Data from: Genomic divergence across ecological gradients in the Central African rainforest songbird (Andropadus virens)
Zhen, Ying et al. (2017), Data from: Genomic divergence across ecological gradients in the Central African rainforest songbird (Andropadus virens), Dryad, Dataset, https://doi.org/10.5061/dryad.8n8t0
The little greenbul, a common rainforest passerine from sub-Saharan Africa, has been the subject of long-term evolutionary studies to understand the mechanisms leading to rainforest speciation. Previous research found morphological and behavioural divergence across rainforest–savannah transition zones (ecotones), and a pattern of divergence with gene flow suggesting divergent natural selection has contributed to adaptive divergence and ecotones could be important areas for rainforests speciation. Recent advances in genomics and environmental modelling make it possible to examine patterns of genetic divergence in a more comprehensive fashion. To assess the extent to which natural selection may drive patterns of differentiation, here we investigate patterns of genomic differentiation among populations across environmental gradients and regions. We find compelling evidence that individuals form discrete genetic clusters corresponding to distinctive environmental characteristics and habitat types. Pairwise FST between populations in different habitats is significantly higher than within habitats, and this differentiation is greater than what is expected from geographic distance alone. Moreover, we identified 140 SNPs that showed extreme differentiation among populations through a genomewide selection scan. These outliers were significantly enriched in exonic and coding regions, suggesting their functional importance. Environmental association analysis of SNP variation indicates that several environmental variables, including temperature and elevation, play important roles in driving the pattern of genomic diversification. Results lend important new genomic evidence for environmental gradients being important in population differentiation.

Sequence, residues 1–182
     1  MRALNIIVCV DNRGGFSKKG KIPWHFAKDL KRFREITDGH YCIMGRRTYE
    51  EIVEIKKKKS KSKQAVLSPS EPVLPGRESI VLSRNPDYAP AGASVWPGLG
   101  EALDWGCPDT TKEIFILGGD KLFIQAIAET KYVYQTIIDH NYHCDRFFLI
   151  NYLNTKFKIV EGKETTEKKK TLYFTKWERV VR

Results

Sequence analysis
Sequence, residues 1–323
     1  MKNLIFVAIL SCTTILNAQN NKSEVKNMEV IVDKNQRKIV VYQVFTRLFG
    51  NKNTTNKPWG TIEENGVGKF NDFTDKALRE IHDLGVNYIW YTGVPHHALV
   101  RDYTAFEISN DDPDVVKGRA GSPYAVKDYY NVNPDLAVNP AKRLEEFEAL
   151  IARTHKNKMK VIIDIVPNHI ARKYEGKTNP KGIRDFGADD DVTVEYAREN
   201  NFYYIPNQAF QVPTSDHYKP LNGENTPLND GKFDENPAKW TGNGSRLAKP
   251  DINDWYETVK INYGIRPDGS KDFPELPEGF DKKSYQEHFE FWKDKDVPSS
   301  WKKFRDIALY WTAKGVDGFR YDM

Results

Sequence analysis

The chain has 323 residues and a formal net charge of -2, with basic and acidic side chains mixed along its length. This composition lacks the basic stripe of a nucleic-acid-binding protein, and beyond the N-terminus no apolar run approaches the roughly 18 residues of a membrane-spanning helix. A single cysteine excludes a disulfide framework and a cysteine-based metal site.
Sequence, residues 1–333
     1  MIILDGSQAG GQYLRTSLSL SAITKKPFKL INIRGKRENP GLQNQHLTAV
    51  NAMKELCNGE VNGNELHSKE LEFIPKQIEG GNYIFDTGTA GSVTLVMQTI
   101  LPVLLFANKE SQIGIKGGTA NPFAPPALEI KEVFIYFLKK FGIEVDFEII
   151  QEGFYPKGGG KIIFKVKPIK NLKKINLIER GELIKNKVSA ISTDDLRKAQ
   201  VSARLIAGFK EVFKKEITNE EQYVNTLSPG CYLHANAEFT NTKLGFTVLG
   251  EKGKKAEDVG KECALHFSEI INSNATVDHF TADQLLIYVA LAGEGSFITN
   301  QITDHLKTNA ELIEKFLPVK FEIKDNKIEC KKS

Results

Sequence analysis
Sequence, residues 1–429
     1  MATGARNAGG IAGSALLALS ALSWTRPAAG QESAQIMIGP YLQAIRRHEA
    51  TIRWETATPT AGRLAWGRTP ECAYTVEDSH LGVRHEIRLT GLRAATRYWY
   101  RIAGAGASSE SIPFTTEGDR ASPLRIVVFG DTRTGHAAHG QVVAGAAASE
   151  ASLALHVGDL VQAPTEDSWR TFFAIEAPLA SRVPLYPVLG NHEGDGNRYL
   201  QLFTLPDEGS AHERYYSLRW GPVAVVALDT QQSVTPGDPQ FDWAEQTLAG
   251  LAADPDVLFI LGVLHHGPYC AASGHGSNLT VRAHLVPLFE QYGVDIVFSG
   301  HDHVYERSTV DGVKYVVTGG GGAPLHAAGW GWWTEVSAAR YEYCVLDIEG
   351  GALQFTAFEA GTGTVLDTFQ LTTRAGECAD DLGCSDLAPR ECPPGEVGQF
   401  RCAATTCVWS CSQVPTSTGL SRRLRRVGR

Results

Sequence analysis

National Science Foundation, Award: PIRE #1243524, DEB-9726425, IRCEB9977072